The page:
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CDPHE Coronavirus website
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► Two down, one to go?
The Senate on Wednesday approved the second major piece of legislation related to the Coronavirus outbreak, allowing lawmakers to fully focus on a massive stimulus bill. From Politico:
With Senate leaders vowing to work at “warp speed” to blunt the financial fallout from the pandemic, the Treasury Department unveiled to lawmakers a plan for $250 billion in direct payments to Americans starting April 6…
…According to the Treasury Department’s proposal, a copy of which was obtained by POLITICO, the so-called “phase three” proposal would include $50 billion to aid the hard-hit airline industry, $150 billion for other distressed sectors of the economy, two rounds of direct payments of $250 billion each on April 6 and May 18, and the creation of a small business interruption loan program.
The document notably does not mention a payroll tax cut, which President Donald Trump has suggested he wanted to be included in the package. But the idea lost steam in recent days as lawmakers from both parties rejected the idea, citing the need to grant immediate, large-scale relief.
Senator Michael Bennet (D-Denver) voted “YES” on Wednesday; Sen. Cory Gardner (R-Yuma) did not cast a vote because he is currently in self-quarantine after being exposed to someone who tested positive for COVID-19. Bennet may have been in contact with someone who tested positive for the virus but has opted not to self-quarantine. Congress is not currently able to conduct tele-voting, but Rep. Ed Perlmutter (D-Jefferson County) says that he would be comfortable with such an option.
We posted this here yesterday, but it’s worth repeating for a reminder of the Coronavirus legislation being discussed:
The first bill, which started in the House, passed the Senate, and was quickly signed by President Trump, dealt primarily with medical and emergency response needs. This was the bill that was opposed by only two House Members, one of who was Rep. Ken Buck (R-Greeley). In the Senate, only Kentucky Republican Rand Paul voted “NO.”
BILL TWO (Families First CoronaVirus Response Act)
The second bill, which also started in the House, deals with issues like paid family leave and Coronavirus testing and health care regulations (Rep. Buck also voted against this bill). Since the bill passed in the House on Saturday, outside groups have been pressuring Republican Senators to add their support. The Senate approved this measure on Wednesday and President Trump signed it into law today.
Treasury Secretary Steven Mnuchin on Thursday said the Trump administration is working on a plan that would send most Americans $1,000 within three weeks and an additional $500 for every child as a way to flood the country with money and try to blunt the coronavirus pandemic’s impact on the U.S. economy…
…Mnuchin’s comments are part of the rapidly evolving fiscal stimulus plan that the White House and congressional leaders are scrambling to assemble amid growing signs that large parts of the economy are grinding to a halt. House Democrats, meanwhile, are working on their own set of proposals, and negotiations with the White House are expected to begin very soon.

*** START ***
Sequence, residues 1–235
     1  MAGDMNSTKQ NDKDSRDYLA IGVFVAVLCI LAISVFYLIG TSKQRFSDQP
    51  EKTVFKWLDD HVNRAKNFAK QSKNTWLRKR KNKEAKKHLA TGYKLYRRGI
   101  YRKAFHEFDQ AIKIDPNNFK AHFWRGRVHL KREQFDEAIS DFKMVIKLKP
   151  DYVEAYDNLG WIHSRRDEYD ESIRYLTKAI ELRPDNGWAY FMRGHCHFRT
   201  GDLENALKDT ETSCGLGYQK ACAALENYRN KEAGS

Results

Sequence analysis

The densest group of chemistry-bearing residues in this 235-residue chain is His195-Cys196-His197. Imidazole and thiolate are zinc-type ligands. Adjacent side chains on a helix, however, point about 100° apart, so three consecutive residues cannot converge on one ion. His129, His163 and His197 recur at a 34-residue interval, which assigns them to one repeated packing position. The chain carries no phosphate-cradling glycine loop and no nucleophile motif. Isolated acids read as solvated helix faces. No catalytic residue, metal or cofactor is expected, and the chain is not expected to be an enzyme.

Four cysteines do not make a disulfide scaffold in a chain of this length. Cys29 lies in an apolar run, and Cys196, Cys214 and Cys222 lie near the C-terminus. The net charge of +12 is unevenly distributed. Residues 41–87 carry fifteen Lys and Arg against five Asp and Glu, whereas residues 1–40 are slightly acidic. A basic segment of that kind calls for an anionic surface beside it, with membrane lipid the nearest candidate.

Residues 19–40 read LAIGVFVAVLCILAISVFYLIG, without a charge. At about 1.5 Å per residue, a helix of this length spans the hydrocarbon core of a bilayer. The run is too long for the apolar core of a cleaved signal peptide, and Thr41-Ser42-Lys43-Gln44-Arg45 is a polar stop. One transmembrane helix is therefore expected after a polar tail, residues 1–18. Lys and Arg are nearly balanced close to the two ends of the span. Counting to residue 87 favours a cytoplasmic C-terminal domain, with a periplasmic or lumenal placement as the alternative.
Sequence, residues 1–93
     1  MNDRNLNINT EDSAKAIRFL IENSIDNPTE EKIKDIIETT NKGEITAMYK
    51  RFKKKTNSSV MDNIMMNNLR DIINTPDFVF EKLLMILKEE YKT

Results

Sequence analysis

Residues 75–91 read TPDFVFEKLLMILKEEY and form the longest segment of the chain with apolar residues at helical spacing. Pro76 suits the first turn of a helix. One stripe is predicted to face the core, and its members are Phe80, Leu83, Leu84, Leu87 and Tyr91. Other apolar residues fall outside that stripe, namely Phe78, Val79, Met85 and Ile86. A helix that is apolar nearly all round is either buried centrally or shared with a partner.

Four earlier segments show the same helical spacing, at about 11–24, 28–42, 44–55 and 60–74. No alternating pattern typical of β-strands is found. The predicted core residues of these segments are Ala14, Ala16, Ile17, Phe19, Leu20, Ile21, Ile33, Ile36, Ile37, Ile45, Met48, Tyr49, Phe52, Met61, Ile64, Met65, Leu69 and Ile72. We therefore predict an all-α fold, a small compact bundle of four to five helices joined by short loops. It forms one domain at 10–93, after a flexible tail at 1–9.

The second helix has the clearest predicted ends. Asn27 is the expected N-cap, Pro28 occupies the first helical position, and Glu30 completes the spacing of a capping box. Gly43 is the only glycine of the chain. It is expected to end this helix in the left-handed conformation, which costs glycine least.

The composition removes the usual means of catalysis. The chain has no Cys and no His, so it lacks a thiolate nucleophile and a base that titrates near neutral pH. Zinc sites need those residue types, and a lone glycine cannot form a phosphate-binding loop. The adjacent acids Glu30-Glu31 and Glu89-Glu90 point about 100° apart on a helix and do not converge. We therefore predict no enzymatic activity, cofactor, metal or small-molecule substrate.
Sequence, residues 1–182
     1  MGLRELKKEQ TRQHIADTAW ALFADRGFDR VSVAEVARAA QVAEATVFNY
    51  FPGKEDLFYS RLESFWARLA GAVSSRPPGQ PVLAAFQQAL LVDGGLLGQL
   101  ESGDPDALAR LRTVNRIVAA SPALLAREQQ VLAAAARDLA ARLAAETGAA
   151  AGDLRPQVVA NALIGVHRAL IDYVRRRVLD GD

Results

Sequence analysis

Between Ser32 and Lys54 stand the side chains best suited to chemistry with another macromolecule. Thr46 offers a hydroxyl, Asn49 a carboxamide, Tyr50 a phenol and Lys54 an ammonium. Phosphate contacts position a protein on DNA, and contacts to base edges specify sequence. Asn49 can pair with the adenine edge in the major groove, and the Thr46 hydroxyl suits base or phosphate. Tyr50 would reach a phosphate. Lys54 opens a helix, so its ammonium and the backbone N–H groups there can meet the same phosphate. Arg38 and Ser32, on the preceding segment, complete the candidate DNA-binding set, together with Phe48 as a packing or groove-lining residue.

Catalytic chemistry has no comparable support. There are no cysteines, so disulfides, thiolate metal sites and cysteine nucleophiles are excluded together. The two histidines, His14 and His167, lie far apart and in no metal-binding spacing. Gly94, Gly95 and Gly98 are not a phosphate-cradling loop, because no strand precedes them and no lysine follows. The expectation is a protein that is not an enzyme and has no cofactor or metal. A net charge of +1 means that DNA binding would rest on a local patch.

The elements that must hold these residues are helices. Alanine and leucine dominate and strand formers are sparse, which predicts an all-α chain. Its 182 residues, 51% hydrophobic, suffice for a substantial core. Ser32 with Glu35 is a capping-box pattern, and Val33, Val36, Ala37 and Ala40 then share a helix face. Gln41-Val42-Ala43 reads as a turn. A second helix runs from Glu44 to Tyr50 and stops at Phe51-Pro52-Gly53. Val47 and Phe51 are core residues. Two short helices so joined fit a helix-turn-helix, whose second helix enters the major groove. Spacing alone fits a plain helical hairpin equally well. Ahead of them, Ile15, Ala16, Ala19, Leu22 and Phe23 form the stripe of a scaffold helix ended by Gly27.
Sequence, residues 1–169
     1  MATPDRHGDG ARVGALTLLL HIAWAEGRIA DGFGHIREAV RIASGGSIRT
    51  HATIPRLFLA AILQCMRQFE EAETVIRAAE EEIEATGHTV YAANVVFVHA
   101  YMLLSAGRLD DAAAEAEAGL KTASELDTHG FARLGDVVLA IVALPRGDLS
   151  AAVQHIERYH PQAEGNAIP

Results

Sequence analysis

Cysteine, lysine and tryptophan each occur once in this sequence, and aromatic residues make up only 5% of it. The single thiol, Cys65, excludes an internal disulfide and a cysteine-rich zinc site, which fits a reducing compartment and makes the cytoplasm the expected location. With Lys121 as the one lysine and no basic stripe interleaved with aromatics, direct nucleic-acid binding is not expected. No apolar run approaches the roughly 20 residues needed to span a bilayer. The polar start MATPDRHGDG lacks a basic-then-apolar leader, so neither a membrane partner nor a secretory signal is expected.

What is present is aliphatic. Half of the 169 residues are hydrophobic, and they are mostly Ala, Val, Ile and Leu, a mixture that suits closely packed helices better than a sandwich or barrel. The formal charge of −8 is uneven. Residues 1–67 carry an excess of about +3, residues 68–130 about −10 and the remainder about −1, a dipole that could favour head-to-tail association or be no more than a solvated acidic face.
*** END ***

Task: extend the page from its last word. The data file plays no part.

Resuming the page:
For more on federal legislative efforts and a host of other Coronavirus-related questions, check out this interview from Tuesday with Rep. Ed Perlmutter (D-Jefferson County) on The Get More Smarter Podcast.
► President Trump spoke today at another Coronavirus press briefing, which German Lopez of Vox.com called “a disastrous failure in leadership.” You won’t be shocked to learn that he made another big mistake:
11:47: *TRUMP SAYS FDA HAS APPROVED CHLOROQUINE FOR USE IN COVID-19
11:48: *TRUMP SAYS STILL COLLECTING EVIDENCE OF CHLOROQUINE EFFICACY
11:48: *TRUMP SAYS CHLOROQUINE RISKS LOW AND ARE WELL-KNOWN
12:12: *FDA SAYS IT HAS NOT APPROVED CHLOROQUINE FOR COVID-19 USE
— Emma Kinery (@EmmaKinery) March 19, 2020
11:49: *Trump starts playing with ball of yarn
11:51: *Trump threatens to use Marines to invade Coronavirus
11:52: *Trump pulls a piece of meatloaf from his breast pocket and takes a bite
► Two Members of Congress have tested positive for COVID-19. Reps. Mario Diaz-Balart (R-Florida) and Ben McAdams (D-Utah).
► Governor Jared Polis ordered all Colorado schools to close until April 17 as part of continuing efforts to contain the Coronavirus outbreak. Polis also ordered a temporary ban of any gathering of more than 10 people.
Most Colorado school districts closed their schools late last week. Polis said Wednesday that it is “increasingly unlikely” that Colorado schools will open again before the end of the school year.
The Denver Post breaks down some of the other “emergency powers” that Gov. Polis could choose to activate.
If you’re looking for political news that isn’t about Coronavirus, it’s available right after the jump…
SERIOUSLY, THERE WILL BE NON-CORONAVIRUS NEWS MOMENTARILY…
► Finally, some good news relating to the Coronavirus: China, the epicenter of the outbreak, is reporting no new local infections for the first time.
► Congressman Ken Buck (R-Greeley) has been a dangerous embarrassment for Colorado on the topic of Coronavirus. Buck is now crapping on President Trump and railing against closing down businesses in order to slow the spread of COVID-19.
► First son-in-law Jared Kushner is running his own confusing Coronavirus task force, or something. As The Washington Post reports: